When you first become a published author there is much to learn about the ins and outs of this sometimes difficult to understand industry. There are some aspects that seem just plain backwards, particularly for those entering the industry from a business background. One of the hardest elements to come to grips with is the concept that a sale is not really a sale until it goes through two or three transactions. This makes calculating expected revenue difficult, to say the least. Add to that the returns factor (discussed here) and you are left with some confusing data to sort through.
If you’re working with a distributor, your distributor is going to sell your book to wholesalers and to retailers. Wholesalers play a very big role in all of this and it’s not uncommon for the majority of your books to first be sold to the myriad of wholesalers out there, big and small. (Learn about the difference between a wholesaler and a distributor here).Your distributor will report this is a sale to you and you will be paid for that sale (minus returns and reserves against future returns) but in the more explicit sense of the word, it’s not quite a sale yet. At this point, your book has been stocked in a wholesaler’s warehouse with the hopes that their customers (retailers and libraries) will purchase it from them.
Now the retailers and library customers of the wholesaler begin placing their orders for your book through the wholesalers. The wholesaler considers each order of your book a sale and will be paid for the books by their retail or library customer for those purchases. If the purchaser is a library, the cycle is done and you can safely call that sale an actual sale since the book is unlikely to be returned. If the purchaser is a retailer, however, it’s not quite a sale yet. Your book is one step closer to really being sold, but at this point, your book has now been given shelf space in a retailer’s warehouse and stores with the hopes that their customers, actual book-purchasing and reading consumers, will purchase it from them.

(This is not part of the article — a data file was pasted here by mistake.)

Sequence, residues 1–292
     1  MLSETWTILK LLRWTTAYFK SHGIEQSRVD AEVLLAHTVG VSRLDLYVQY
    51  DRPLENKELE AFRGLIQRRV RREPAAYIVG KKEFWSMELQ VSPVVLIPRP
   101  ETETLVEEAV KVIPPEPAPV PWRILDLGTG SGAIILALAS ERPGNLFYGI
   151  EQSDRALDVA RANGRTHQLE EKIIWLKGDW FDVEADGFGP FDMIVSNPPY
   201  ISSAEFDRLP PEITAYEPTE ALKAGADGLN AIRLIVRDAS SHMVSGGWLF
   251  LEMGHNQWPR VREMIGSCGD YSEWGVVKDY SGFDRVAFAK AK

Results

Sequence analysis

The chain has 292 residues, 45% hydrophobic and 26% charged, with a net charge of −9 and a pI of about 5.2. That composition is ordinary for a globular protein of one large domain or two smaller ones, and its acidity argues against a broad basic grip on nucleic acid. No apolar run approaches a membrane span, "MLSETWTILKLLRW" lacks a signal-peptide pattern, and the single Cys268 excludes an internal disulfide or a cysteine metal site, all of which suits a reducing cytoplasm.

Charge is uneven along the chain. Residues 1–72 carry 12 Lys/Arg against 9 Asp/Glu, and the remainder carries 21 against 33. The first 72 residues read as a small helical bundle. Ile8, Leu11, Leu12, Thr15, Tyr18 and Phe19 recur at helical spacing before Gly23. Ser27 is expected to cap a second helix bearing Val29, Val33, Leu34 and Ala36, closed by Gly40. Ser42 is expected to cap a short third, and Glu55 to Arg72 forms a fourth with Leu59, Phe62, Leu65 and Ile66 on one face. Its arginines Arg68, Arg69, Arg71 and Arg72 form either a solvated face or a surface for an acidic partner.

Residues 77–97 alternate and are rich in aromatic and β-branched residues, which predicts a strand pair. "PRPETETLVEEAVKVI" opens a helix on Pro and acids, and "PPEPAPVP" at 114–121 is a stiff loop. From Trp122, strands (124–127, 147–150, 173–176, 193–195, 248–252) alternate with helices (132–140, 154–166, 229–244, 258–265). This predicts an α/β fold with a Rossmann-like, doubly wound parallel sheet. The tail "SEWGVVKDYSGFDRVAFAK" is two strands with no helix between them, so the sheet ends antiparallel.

When an actual consumer picks up your book from a shelf and buys it, it is finally sold. Your distributor will differentiate between the sales to the wholesalers and retailers and the actual consumer sales as “sold in” versus “sold through”. The sold-through number is what you are both going to want to monitor, especially as it relates to the sold-in number. A large discrepancy can spell trouble around the bend in regard to returns. Consumer sell through is reported weekly by Nielsen BookScan and can be obtained through your distributor’s account or through your Amazon Author Central Account.
Until a consumer actually buys your book, it is subject to being returned by the retailer or the wholesaler, so keep in mind that the act of being placed on shelves is certainly not a guarantee of sales. You have two or three more “sales” to make before your book is actually sold through. Focus on creating demand so those books stay sold.